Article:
Despite my above points, there was enough substance in last night's debate. However, I do not believe that there was an actual winner; no one really screwed up or said anything down-right stupid. A week until the election … isn't it all so exciting?

Wednesday, October 24, 2007

UN moving to Montreal? C'est possible.

Originally reported in Montréal's La Presse newspaper, but reproduced in Montréal's English-language paper The Gazette, officials from the City of Montréal, the Québec government, and the Government of Canada have been lobbying the United Nations to move its headquarters from New York City to Montréal.

This whole story started when the United Nations decided that its buildings in New York needed to be significantly renovated. They discovered that this would cost $1.9 billion. Canadian officials devised a plan to give the United Nations a chunk of land in Montréal's Old Port that is nine times bigger than its current lot—with a whole new block of buildings on it—for less money than it would cost to renovate its current infrastructure in New York. (Even though it's in a popular tourist district, this particular section is "well removed from tourists".)

I believe that this would be a great move for the United Nations. Montréal is a truly bilingual city, which would be a great compliment to its two official working languages policy (the two languages being English and French). Montréal is also located, at least at the moment, in Canada, which is a lot less repulsive place for the UN to be than the United States.

Looking at it from our perspective as Canadians, this would bring a lot more attention, fancy diplomatic people, money, and quite possibly even more influence to Canada.

While Canada's proposal would still save the UN money, I strongly believe that it needs to be made even more attractive. Canadian officials need to mount an international campaign underlining that Canada is a much more 'authentic' home for the United Nations than is business, money-oriented New York in the cocky United States of America. Montréal has culture, life, and diplomacy ringing through its streets; that's what we have to present to the UN member-nations, as well as the UN itself. (It also wouldn't hurt to make it even more financially cheap for the UN.)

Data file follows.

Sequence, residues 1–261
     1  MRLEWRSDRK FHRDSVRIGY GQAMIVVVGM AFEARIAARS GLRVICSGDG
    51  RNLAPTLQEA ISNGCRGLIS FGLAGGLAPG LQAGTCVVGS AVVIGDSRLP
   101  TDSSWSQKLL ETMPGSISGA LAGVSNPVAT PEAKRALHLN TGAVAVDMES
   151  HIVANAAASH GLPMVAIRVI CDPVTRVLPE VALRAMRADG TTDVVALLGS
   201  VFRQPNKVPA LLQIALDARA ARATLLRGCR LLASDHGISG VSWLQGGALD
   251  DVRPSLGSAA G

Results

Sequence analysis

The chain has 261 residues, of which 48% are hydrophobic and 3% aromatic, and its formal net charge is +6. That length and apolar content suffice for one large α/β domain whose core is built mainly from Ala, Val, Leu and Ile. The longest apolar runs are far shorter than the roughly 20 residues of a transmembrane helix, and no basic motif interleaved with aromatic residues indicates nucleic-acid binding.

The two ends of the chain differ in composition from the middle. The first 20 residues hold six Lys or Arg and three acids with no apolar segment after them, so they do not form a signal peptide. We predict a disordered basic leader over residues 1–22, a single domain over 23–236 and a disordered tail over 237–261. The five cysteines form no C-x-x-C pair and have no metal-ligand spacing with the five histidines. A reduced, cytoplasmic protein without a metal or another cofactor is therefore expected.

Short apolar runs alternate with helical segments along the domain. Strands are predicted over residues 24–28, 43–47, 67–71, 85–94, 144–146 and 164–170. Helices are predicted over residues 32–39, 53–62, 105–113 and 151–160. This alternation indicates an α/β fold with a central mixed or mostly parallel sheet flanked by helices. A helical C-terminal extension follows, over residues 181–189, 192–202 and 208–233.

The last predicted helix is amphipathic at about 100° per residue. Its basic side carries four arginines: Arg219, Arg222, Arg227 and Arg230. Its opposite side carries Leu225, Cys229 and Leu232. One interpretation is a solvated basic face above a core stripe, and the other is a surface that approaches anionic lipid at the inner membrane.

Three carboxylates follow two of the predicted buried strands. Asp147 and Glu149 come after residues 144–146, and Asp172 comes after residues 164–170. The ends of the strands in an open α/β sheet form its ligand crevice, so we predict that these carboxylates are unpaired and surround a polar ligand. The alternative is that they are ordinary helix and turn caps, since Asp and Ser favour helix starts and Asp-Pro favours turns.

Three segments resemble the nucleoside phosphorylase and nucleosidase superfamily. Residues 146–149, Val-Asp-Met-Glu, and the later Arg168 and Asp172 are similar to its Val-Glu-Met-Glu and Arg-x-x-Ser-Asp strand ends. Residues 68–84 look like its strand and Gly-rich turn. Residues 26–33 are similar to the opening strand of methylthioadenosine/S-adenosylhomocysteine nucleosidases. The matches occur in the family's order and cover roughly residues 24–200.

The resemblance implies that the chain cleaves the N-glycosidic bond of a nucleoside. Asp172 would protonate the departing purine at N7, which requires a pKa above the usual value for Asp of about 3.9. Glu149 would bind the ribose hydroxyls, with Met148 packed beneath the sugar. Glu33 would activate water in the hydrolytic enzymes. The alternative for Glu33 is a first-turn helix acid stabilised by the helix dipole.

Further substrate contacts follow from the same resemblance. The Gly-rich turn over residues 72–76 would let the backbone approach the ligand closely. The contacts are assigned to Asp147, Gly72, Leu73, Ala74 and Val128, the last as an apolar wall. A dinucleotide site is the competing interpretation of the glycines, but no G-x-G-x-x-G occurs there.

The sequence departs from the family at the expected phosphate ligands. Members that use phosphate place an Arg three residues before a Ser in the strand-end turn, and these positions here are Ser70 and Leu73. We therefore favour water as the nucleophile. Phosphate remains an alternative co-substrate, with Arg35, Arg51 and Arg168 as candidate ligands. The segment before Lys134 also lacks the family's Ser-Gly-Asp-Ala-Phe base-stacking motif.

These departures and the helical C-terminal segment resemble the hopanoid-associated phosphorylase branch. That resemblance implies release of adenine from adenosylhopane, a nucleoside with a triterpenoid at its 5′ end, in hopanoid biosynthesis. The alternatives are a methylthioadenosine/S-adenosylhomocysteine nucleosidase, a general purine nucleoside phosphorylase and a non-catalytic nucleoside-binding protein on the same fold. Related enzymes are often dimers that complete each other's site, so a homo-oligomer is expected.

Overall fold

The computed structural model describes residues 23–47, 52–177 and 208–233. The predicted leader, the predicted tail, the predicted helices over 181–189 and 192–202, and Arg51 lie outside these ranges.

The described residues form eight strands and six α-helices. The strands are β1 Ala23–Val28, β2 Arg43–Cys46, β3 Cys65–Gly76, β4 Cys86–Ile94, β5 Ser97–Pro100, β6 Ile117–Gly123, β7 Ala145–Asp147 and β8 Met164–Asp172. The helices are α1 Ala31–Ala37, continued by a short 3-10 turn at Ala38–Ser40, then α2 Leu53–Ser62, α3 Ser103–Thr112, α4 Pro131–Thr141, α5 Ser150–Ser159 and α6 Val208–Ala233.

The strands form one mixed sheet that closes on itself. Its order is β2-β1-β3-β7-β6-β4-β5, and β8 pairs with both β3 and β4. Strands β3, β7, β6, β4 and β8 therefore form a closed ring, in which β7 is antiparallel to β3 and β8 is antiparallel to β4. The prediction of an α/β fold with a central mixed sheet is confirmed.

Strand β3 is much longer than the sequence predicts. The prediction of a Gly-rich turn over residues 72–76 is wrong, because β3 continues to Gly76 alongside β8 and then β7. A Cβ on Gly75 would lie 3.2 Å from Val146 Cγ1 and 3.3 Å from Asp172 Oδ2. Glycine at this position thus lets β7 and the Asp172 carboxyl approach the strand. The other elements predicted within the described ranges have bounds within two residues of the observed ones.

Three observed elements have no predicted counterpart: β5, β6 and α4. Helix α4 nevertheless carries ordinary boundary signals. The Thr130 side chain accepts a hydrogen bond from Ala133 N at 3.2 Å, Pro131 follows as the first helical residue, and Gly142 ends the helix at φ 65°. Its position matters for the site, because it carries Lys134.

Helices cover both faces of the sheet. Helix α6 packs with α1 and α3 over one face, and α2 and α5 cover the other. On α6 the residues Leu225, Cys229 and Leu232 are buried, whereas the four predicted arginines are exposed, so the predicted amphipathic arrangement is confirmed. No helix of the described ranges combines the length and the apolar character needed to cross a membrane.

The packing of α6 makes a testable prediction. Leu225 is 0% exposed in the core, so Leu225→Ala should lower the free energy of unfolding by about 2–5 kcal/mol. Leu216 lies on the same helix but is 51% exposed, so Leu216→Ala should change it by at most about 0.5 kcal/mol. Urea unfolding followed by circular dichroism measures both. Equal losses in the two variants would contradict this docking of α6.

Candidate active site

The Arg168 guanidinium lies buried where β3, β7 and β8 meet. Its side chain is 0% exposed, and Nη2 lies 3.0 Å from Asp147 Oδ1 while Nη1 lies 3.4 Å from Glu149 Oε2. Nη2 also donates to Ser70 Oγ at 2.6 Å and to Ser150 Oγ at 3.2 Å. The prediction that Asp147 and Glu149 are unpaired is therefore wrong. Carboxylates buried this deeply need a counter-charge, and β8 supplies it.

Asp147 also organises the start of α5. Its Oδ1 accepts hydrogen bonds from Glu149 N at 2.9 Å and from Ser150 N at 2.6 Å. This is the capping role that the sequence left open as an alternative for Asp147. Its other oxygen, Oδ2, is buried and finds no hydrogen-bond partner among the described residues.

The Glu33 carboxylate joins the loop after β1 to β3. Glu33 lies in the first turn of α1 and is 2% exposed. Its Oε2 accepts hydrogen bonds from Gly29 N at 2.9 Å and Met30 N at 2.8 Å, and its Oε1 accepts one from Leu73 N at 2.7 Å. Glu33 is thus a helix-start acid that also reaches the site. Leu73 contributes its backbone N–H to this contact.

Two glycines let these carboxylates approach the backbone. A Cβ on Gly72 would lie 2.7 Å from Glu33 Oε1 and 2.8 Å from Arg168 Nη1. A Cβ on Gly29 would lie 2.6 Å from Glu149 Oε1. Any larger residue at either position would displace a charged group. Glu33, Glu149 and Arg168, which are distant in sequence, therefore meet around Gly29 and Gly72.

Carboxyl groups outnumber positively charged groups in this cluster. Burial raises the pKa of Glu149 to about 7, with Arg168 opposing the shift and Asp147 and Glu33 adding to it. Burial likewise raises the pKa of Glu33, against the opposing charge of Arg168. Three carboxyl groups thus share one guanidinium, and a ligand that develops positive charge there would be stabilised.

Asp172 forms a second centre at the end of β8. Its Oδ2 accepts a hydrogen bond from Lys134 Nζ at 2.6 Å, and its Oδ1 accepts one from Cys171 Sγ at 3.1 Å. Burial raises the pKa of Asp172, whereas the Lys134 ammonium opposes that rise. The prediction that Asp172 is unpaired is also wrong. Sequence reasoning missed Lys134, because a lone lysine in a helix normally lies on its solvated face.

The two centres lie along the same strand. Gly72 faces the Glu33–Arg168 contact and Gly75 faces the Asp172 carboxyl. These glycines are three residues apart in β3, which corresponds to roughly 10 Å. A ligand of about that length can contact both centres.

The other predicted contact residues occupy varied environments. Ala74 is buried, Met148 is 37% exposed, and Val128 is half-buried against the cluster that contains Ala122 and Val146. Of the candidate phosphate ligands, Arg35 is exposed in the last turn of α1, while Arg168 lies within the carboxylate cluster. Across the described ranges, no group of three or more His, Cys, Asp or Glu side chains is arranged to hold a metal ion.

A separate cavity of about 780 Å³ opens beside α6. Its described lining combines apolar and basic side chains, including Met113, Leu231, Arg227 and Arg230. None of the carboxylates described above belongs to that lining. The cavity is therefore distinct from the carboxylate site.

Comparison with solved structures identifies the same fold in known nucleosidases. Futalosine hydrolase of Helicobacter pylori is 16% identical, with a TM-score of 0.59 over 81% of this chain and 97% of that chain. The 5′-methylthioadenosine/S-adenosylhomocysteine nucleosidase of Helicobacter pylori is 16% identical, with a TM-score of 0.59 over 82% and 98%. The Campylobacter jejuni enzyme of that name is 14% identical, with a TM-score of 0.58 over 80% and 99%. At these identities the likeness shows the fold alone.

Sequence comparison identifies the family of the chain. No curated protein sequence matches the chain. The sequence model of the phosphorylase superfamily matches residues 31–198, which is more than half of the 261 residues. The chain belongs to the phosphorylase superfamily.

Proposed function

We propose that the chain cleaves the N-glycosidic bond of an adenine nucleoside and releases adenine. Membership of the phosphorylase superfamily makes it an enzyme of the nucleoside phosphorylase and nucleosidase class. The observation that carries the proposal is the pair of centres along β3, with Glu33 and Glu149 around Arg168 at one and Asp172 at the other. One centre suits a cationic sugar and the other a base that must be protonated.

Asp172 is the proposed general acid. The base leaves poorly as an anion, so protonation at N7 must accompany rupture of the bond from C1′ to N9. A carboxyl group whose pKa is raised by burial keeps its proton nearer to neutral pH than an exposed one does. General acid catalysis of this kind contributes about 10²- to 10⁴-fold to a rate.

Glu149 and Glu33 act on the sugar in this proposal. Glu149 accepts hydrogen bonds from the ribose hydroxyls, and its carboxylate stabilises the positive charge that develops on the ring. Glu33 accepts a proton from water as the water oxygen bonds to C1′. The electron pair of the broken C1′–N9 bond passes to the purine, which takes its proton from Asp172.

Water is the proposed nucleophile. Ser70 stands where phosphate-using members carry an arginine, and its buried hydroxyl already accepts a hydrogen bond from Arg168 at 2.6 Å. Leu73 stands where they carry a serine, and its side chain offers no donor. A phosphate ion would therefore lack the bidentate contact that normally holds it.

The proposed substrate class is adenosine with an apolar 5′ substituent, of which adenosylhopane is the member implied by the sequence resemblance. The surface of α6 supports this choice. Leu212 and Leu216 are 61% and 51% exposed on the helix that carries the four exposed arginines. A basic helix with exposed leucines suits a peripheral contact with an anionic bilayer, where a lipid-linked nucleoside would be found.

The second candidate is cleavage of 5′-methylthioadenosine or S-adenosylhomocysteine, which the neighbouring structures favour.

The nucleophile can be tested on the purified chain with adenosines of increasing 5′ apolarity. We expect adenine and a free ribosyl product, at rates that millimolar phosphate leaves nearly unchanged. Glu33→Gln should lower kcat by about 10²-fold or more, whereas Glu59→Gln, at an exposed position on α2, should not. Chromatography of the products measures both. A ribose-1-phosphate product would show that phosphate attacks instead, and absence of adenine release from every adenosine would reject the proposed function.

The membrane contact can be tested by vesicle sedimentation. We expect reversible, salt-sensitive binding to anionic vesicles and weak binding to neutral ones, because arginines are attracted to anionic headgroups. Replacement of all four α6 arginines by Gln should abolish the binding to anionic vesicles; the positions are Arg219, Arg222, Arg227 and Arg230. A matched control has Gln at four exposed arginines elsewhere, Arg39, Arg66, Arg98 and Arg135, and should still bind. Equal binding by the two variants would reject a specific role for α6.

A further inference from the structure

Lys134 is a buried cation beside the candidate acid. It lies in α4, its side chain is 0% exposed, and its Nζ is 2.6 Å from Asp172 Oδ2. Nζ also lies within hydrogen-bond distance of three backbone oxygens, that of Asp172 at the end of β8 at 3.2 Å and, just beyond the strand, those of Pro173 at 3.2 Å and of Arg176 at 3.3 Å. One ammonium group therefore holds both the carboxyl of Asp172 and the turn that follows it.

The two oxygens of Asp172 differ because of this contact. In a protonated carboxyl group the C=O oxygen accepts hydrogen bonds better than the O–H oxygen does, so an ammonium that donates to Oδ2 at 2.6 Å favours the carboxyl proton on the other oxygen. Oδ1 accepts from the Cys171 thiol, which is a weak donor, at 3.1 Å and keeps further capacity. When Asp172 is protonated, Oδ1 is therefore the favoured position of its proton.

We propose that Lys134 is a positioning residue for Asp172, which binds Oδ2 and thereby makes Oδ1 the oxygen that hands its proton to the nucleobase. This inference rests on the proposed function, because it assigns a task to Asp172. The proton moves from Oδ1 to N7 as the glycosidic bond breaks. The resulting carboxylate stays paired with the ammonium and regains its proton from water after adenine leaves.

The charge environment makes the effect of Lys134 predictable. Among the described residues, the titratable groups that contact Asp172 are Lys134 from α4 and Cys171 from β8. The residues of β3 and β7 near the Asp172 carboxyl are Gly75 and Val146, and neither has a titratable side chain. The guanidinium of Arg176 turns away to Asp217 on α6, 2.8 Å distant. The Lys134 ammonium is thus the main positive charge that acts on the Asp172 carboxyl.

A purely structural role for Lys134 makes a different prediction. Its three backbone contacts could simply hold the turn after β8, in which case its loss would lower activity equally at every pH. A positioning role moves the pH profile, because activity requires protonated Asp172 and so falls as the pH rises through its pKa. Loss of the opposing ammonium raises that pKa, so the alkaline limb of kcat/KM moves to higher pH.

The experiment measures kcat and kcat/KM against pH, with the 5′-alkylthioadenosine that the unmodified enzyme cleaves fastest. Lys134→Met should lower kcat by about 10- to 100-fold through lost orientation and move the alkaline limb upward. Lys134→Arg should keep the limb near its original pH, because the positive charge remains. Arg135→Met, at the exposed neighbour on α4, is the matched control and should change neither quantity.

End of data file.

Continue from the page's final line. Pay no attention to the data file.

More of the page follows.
Just FYI, the New York renovations aren't set to start until the spring, so we still have some time to pitch our idea.

Tuesday, October 16, 2007

Election over throne speech?

My answer: quite likely. Here is what I think each party's motives/thoughts are:

The Tories have been trying for quite some time to reach 40% in the polls, which is generally considered the minimum support needed to form a majority. This week, they met that goal. Harper and his party desperately want a majority government. Now that they're this far, a decently financed election (which is something they can do) could be enough to actually obtain that majority.

Additionally, Harper has been setting the stage for an election, by taunting the Liberals to either support their throne speech or face an election. To me, this looks like Harper thinks his speech won't be an instant sell to the Grits.

On one hand, Dion and the Liberals are in no health to fight (never mind win) an election. On the other, supporting Harper's throne speech (which he is making sound a bit more radical than we are used to) is only going to make Dion look worse.

However, Dion has been hinting that he very well might vote against the speech. If he thought he wouldn't support it, he wouldn't have done all the ranting against it—and against the possibility of his party supporting it.

NDP and the Bloc Québecois:
Both of these parties seem as though they are prepared to, and will, vote against the government as long as its speech isn't a left-wing suck-up (which it probably won't be).

There's what I think. What's on your mind?